What you do is, you have your drawing board and a pencil in hand at the telescope. You look in and you make some markings on the paper and you look in again.
It was depressing, very depressing. I worried about how I would make a living. I didn't want to stay on the farm. It didn't offer the challenge I wanted and yet, without a college education, I felt that I was really out of luck.
That's the way I got along in life. I don't ever remember being particularly jealous of anybody, because I figured if I can't do it myself, I don't deserve to get it. — © Clyde Tombaugh
That's the way I got along in life. I don't ever remember being particularly jealous of anybody, because I figured if I can't do it myself, I don't deserve to get it.
I think the driving thing was curiosity about the universe. That fascinated me. I didn't think anything about being famous or anything like that, I was just interested in the concepts involved.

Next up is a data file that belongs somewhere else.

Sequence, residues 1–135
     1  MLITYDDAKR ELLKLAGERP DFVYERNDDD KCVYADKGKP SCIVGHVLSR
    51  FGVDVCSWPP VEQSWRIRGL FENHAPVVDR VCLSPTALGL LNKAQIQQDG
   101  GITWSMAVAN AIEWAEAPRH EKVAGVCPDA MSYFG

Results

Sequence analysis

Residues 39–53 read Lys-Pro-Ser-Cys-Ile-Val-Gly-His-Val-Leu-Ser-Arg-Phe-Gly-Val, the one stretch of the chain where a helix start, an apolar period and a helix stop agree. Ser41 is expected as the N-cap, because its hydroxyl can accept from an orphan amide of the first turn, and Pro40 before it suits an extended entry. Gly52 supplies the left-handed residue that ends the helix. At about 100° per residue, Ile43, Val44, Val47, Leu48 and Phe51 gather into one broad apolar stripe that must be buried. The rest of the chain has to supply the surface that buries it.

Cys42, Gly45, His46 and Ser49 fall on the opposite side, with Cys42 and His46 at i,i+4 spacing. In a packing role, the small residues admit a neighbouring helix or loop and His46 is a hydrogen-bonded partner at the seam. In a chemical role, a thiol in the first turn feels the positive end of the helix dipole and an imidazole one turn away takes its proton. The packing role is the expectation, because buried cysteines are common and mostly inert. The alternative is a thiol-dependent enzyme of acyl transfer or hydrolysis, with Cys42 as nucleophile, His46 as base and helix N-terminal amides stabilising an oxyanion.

By the time I was in sixth grade I could bound every country in the world from memory.
I shed many a tear when the steam engines went out of style on the railroads. I'd like to seem them come back, but I realize the diesels are more efficient.
We were suddenly faced with the necessity of training a lot of young men in the art of navigation.
You have to compete with others in the field. Sometimes the competition gets pretty fierce because you're competing for funds or grants to do your work, the financial work.
How does a pansy, for example, select the ingredients from soil to get the right colors for the flower? Now there's a great miracle. I think there's a supreme power behind all of this. I see it in nature.
I used to think about how nice it would be to visit the planets. Of course, I didn't expect to see in my lifetime what has happened. I knew it would happen some day, but it came along faster than I at first thought.
To me, the noise of a threshing machine is better music than a lot of music I hear nowadays. I took a man's place in the threshing crew when I was only 14 years old.